15.7.16

Writing about Strong Women in Sagas

The saga usually has a strong woman as the main character - who must succeed against all the odds. She can be found fighting to deal with the issue in question, and possibly also the poverty of her surroundings. She may aspire to break out of the lower class in order to better herself, or she might be battling against the restrictions and prejudices of the time, as well as the conflict brought about by her antagonist or her own inner flaws.

Her heroic achievement must pit good against evil and, unlike in real life, she must win through in the end, no matter what she has suffered or lost along the way. She needs to be a woman of her time, confined by the moral mores, the traditions, and tenets of her upbringing. Yet she must also have the strength and courage to appeal to a modern readership. It’s a fine balance and if you read Catherine Cookson, you will see that the females in her books managed to do both rather splendidly.

Whatever her problem, she must have the core of strength necessary to allow her to resolve it, whether she is ahead of her time, a rebel, or simply has grit. She must suffer, sink all the way down, be beaten by the prejudices and restrictions of the time, her antagonists, fate, and whatever conflicts you can throw at her. Then she must bring herself back up again and win through, thus making a stand for all women. Your heroine must grow stronger in spirit than she was at the start of the story.

We know that in today’s world we must not attempt to radicalise or be politically incorrect. Being set in the past, you need to reveal that attitudes were very different. Obviously, some issues, such as murder, rape, child abuse, etc., cannot be justified on any account. But it is sometimes necessary to give a slightly modern twang to the problem, or to your main character.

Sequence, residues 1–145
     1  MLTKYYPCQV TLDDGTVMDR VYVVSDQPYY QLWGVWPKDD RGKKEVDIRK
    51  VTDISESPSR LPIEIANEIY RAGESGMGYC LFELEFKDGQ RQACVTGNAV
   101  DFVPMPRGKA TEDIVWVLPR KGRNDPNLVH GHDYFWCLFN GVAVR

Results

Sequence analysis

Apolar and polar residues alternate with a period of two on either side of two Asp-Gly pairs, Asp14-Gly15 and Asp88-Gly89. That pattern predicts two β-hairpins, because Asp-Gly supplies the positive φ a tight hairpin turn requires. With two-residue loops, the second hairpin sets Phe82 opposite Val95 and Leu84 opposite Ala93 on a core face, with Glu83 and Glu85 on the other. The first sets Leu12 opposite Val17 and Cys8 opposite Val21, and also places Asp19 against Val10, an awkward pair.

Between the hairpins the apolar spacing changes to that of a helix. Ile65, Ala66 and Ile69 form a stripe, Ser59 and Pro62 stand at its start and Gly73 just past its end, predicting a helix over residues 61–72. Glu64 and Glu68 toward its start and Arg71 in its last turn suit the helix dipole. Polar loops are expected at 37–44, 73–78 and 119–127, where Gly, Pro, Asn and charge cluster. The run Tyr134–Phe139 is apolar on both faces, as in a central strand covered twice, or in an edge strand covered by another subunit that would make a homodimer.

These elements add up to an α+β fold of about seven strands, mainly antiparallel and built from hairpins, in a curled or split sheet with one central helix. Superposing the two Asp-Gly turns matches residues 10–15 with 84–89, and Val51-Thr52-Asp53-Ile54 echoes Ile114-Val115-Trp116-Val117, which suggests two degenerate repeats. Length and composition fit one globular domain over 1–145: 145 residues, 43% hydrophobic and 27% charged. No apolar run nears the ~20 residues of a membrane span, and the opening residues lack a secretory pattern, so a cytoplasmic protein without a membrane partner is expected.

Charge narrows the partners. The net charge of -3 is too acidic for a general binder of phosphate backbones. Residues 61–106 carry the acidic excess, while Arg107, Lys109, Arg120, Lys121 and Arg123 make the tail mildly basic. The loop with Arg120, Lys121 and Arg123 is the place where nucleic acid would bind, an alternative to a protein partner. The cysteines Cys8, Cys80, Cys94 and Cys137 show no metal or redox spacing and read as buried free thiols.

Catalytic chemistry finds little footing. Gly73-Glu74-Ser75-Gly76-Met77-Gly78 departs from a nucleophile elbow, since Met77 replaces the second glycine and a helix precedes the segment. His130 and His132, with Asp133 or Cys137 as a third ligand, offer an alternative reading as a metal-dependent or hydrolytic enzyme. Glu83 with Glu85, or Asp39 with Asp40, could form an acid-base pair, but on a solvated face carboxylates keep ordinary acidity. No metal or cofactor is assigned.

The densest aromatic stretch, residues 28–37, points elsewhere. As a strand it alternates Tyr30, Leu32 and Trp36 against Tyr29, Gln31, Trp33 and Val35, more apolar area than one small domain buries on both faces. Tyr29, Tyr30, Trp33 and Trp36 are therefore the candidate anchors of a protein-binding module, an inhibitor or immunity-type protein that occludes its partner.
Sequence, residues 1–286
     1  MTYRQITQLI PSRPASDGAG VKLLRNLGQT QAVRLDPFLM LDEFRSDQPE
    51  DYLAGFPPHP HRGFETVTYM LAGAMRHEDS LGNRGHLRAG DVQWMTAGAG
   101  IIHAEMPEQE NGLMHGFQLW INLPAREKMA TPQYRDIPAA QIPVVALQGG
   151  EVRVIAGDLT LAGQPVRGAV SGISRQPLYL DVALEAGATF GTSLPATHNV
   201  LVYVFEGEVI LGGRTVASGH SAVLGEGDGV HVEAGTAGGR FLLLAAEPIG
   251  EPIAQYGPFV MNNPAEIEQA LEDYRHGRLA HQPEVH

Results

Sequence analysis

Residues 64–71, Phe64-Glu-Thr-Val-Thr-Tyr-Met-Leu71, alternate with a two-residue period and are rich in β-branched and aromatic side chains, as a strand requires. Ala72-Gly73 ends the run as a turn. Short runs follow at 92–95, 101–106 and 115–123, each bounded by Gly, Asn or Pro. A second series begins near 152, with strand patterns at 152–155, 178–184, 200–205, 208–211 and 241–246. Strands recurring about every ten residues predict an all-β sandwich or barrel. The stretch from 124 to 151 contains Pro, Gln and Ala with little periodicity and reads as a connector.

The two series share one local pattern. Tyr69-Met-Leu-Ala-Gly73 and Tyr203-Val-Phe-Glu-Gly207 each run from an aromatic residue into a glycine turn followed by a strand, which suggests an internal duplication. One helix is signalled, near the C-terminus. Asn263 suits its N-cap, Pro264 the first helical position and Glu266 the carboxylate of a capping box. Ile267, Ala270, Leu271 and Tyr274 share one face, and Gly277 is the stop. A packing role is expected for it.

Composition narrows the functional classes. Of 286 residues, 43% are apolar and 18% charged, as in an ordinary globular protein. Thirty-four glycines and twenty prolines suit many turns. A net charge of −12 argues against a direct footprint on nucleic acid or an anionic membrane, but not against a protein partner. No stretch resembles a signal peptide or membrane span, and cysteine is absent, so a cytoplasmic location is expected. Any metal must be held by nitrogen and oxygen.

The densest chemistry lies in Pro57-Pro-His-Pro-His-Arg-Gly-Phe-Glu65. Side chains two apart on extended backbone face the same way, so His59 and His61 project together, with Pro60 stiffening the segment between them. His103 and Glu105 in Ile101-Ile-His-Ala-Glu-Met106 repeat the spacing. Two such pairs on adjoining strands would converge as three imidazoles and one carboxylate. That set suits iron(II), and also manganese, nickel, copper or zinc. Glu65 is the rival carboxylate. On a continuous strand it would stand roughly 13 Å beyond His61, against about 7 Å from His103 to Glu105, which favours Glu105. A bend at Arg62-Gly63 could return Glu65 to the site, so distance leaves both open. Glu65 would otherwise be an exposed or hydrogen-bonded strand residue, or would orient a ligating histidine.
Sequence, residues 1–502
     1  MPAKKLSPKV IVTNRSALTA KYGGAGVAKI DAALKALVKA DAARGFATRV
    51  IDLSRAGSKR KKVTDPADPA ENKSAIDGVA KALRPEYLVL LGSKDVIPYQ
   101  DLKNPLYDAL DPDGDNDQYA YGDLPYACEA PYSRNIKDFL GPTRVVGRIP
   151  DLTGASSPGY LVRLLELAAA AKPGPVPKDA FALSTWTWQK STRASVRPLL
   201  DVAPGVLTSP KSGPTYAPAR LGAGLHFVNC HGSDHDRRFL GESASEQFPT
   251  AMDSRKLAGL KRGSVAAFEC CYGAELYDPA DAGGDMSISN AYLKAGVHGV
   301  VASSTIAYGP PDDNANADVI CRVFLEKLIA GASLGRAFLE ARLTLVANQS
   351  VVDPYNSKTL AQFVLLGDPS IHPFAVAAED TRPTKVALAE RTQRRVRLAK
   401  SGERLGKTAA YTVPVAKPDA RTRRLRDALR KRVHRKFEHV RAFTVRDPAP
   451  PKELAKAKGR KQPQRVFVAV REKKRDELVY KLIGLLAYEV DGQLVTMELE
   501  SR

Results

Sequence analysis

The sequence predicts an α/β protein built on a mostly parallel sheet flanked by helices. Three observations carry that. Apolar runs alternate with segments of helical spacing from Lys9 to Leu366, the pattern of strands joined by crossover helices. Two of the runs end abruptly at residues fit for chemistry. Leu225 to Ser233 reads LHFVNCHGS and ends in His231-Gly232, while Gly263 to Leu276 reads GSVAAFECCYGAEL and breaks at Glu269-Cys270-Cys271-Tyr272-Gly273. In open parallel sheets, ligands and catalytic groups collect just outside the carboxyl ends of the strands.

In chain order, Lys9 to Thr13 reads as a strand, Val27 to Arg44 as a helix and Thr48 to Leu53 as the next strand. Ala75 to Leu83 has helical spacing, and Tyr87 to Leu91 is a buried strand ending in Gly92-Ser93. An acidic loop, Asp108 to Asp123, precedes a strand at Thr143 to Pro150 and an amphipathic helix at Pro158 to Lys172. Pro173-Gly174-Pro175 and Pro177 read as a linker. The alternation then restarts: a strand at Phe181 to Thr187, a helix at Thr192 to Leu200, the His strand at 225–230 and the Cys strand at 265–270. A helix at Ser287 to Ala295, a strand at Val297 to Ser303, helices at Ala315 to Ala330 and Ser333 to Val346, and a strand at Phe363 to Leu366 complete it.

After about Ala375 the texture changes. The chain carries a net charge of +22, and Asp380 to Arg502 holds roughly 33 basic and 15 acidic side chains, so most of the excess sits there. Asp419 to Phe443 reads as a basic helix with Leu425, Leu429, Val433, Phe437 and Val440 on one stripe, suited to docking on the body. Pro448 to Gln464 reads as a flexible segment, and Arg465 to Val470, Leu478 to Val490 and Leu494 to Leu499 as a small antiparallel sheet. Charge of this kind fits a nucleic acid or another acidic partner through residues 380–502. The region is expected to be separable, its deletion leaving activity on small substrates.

E,g: Illegitimacy, as Cookson made clear, was considered wrong at one time, but not any more. A mixed marriage was also looked upon as wrong in certain areas, even back in WWII. The issue can be objected to by some people in your story, while others consider it to be perfectly fine. You need to be politically correct by showing points of view from both sides. Where possible look for a balance.

An element of your character can be a modern woman, forward thinking for her time so that your readers can empathise with her. In a way, women have always been a bit modern in their way of thinking. They’ve always fought for what they believe in, battled against hard times, done several jobs at once, held their families together and aspired for a better future for their children. Take care though, not to overdo it. Make sure you do not allow your heroine to become an anachronism. Don’t have her knowing or understanding things she couldn’t possibly have known in the period in which she lives.

Women’s rights have always been vital ingredients of the saga. Write with your heart and passion and make her real.

6 comments:

  1. I really enjoyed reading this Freda, thank you for posting. Your heroines educate and entertain too. Please, keep them coming!
    Sheila :)

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  2. Hi Freda - Thanks for this post you've summed this up perfectly.
    Linda

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  3. A great post, Freda, one we can all relate to, I think most of us have strong women in our family history, my Spanish grandmother for one!

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    1. MY Grandma too. We can learn a lot from family heroines.

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